It occurred to me a while back that the rich young ruler who came to Jesus and asked, ‘What must I do to inherit eternal life?’, has remarkable parallels with the apostle Paul.
At the time, both men were young. In the seventh chapter of Acts, maybe a couple of years after the death and resurrection of Christ, Paul (Saul then) is described as a ‘young man’.
Again, at this time in their lives, both thought that they had their lives in order. They both thought that they were ok as far as keeping the law of God was concerned.
At this time, too, they both had reasons to be angry with Jesus. Jesus had told the rich young ruler to sell all that he had, give it to the poor, and to follow Him; the young man turned his back and went away grieved because he had many possessions. Paul’s anger is not explained, but it is revealed in his agreement with the stoning of Stephen and his subsequent persecution of Jesus through his people.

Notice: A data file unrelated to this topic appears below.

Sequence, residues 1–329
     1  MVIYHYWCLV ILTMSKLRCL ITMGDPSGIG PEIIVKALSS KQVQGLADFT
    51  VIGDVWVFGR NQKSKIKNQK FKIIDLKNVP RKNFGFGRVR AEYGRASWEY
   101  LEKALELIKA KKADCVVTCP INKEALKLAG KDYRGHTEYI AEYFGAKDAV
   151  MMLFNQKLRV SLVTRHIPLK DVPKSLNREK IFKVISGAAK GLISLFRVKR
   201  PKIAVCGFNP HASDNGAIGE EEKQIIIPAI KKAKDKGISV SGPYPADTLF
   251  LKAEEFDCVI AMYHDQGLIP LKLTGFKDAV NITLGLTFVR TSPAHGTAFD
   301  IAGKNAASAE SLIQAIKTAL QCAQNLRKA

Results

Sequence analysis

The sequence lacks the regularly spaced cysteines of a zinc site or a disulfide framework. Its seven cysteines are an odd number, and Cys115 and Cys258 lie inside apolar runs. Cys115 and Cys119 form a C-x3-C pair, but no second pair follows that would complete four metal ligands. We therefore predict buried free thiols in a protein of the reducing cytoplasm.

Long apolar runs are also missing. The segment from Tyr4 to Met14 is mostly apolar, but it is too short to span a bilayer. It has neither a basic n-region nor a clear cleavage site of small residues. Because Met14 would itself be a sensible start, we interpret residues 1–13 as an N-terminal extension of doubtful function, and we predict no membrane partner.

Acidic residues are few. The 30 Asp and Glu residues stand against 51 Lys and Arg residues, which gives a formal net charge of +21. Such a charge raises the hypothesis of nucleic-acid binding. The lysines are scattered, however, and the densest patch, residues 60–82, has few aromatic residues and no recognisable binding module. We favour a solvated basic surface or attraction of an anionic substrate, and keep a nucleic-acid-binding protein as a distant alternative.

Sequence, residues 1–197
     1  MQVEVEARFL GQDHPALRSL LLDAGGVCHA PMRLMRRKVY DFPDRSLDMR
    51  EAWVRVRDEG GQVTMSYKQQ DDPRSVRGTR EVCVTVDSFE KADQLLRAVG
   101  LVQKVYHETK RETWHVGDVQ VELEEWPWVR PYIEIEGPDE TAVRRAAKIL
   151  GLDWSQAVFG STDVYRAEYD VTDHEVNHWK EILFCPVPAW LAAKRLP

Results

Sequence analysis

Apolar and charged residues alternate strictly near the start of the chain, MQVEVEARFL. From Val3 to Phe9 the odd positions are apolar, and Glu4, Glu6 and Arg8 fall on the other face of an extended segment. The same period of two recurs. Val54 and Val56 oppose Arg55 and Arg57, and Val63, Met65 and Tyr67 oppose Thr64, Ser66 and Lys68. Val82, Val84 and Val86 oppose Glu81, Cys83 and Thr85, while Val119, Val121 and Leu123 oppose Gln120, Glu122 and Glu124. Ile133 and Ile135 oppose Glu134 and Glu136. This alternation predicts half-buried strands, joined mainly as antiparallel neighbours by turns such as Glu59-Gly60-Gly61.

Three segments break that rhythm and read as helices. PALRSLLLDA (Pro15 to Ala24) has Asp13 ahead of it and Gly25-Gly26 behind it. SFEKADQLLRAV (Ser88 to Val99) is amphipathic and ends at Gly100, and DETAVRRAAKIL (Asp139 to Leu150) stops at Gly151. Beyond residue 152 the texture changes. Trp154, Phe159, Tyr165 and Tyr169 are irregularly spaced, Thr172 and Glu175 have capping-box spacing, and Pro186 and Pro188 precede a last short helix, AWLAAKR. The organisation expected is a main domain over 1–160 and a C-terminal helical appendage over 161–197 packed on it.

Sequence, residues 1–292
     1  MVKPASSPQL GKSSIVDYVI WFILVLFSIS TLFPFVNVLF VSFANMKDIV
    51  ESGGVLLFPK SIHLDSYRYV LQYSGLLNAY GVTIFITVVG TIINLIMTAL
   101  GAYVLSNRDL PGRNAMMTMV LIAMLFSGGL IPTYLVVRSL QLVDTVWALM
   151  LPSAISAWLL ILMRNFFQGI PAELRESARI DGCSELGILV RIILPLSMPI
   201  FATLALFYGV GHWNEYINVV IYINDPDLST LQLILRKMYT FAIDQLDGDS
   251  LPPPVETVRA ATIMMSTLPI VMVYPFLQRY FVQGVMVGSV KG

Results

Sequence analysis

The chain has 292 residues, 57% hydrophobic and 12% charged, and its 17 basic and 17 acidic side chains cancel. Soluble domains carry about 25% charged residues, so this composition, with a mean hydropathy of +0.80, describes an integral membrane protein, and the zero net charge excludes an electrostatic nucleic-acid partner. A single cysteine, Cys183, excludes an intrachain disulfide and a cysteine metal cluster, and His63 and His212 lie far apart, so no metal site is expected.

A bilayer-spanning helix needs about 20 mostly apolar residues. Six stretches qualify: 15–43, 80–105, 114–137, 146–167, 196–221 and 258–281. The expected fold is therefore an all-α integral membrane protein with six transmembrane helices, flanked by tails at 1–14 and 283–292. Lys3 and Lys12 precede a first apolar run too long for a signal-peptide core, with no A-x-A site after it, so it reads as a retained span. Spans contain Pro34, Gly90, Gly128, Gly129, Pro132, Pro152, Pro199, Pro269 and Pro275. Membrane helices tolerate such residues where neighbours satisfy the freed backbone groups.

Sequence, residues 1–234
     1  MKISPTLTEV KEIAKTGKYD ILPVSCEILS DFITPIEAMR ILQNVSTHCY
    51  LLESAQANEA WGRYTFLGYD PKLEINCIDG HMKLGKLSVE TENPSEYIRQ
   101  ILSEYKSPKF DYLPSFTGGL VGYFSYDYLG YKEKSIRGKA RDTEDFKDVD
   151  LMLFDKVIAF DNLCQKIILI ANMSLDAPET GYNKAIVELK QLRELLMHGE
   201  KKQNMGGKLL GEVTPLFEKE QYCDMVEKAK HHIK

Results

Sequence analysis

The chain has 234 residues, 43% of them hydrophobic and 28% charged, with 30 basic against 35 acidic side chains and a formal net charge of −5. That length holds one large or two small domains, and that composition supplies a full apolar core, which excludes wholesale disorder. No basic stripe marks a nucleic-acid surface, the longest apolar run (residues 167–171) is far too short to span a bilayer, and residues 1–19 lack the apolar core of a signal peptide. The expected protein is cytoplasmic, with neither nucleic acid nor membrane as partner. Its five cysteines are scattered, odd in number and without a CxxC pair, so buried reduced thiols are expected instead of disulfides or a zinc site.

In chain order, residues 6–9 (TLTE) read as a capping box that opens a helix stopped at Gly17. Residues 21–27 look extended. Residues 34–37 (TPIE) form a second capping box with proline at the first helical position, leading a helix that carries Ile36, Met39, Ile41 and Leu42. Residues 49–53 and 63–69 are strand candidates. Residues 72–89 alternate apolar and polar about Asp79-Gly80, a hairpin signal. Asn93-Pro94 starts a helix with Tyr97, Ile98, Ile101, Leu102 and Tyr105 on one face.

Now, the converted Saul (Paul) tells us some things about his life.
Paul tells us that the commandment which made him realise he was a sinner and needed saving was the tenth: ‘You shall not covert’. This is the command that deals with our heart attitude to possessions.
Paul had known what it is like to be rich, but happily suffered the loss of all things when he came to faith in Jesus.
When he was asked by the other apostles to remember the poor, his reply was that it was the very thing that he was eager to do. I think it also significant that it is Paul alone of all the New Testament writers who records the words of Jesus, ‘It is more blessed to give than receive’. Just before saying this, Paul had urged the elders at Ephesus to support the weak.
I have no direct proof, but I think there is a case for considering, at least, whether or not the apostle Paul might have been the rich young ruler of the gospel accounts. If not, at least Paul has some strong links with him in his past attitudes, and he shows the fruit of having repented of those sins that he once shared with the rich young ruler.